You can certainly feel disappointed in your DH's reaction and you can resolve never to see her again, but you can't really police her interactions with your teens without coming across as the villain of the piece. Hopefully they are at an age where they will start to see her for what she is - but that is their relationship to navigate.

SomeoneElseEntirelyNow Fri 05-Jun-20 17:39:37

Have you discussed this with your therapist? This seems to be quite a bit of an overreaction to being called a snake, which is in the grand scheme of things a pretty mild insult. If you're having intrusive, obsessive thoughts about it so many years on i think you should seek additional help, this seems disproportionate.

Your DH has done pretty much everything he can do here, i don't see what else you could expect of him.

WhatWouldYouDoWhatWouldJesusDo Fri 05-Jun-20 17:41:43

I dunno, the way you're coming across on here I'm beginning to think your mil may have had a point. hmm

achillesratty Fri 05-Jun-20 17:44:00

Unfortunately life is unfair and you have no control over what people say about you. It's not fair to blame her for your mental health issues though, you are blowing the name calling out of all proportion probably because of your mental health problems.

She basically lost her son because of what she said. My ex MIL hated me and called me things that make "wicked snake" sound like a compliment. You will destroy your marriage if you carry on.

If it's dominating your life so much and obviously it is because of the repeated arguments, you need to go back to your GP because these are obsessive thoughts and are not good for your mental wellbeing.

Nearlyalmost50 Fri 05-Jun-20 17:44:59

OP, my MIL has said some bad things about me. I haven't forgotten them, and my husband had my back in that he would always look after me/prioritize me/support me if I didn't want to see them, but he wouldn't cut contact with his parents, and I wouldn't expect him to. I think you are obsessing over this and this is a sign of your issues as much as it is that he has done anything wrong- as someone else said, can you talk with your therapist or psychiatric nurse/consultant about this?

I don't think you are wrong to be annoyed with this woman, but you are to collapse your marriage over it many years later, when your husband has already distanced himself/moved away/hardly has contact with them anyway.

Coffeecak3 Fri 05-Jun-20 17:46:09

Good advice from @baubled.
I have to accept that my dh will continue contact with his db who attacked me very aggressively on a public forum. My dd is getting married this year and my bil will be at the wedding.
I too find it very hard to deal with because it seems so unfair. If you have obsessive thoughts then injustice will eat at you.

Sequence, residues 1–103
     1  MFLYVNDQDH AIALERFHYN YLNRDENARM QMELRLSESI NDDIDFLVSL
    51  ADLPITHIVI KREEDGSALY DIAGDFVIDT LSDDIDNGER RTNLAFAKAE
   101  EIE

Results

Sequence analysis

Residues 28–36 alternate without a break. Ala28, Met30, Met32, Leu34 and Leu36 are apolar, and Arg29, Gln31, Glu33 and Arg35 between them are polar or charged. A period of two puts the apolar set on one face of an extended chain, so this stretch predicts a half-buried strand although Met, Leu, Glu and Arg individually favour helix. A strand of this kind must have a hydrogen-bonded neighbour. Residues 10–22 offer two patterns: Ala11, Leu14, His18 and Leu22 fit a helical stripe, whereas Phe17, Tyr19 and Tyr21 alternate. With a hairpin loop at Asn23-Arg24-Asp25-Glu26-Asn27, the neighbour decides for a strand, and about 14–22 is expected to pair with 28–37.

In your case your mil is revelling in upsetting you and causing discord.
Once you stop caring what she thinks then your life will improve.
Of course inside it still hurts but don’t let mil know that.
Act like she’s invisible. And your dc will know more than you realise.

Treacletoots Fri 05-Jun-20 17:50:02

My mother behaves in exactly the same towards me. And as a result, we don't speak to her, and neither does she get to spend time with my DD.

However, this is something we've enforced since she was born, if she couldn't be nice to me, she doesn't get to have a relationship with her GD. That's just not OK.

Not sure now where to go with this, your DC are old enough to make that decision, and you seem to be holding on to resentment which is making you stressed.

It sounds like you need to find ways to put her out your mind and focus on other things otherwise she's still winning.

xxxemzyxxx Fri 05-Jun-20 17:55:41

OP I can completely understand that you don’t want anything to do with her, and rightly so. But I personally think your DP has done more than enough, as others have also said. He held her to account, moved 6 hours away and has little contact with her. He has every right to have a relationship with his parents if that’s his choice, it doesn’t sound like he expects you to as well. And in that he has been completely on your side.

Your DC’s are also old enough to make their own decisions about the contact they have with their grandparents. If you and your DP decide to tell them why you do not have a relationship with her, then they can continue to make the decision themselves.

I think you need to let this argument go for the sake of your marriage, and possibly some therapy may help you address your feelings on the matter?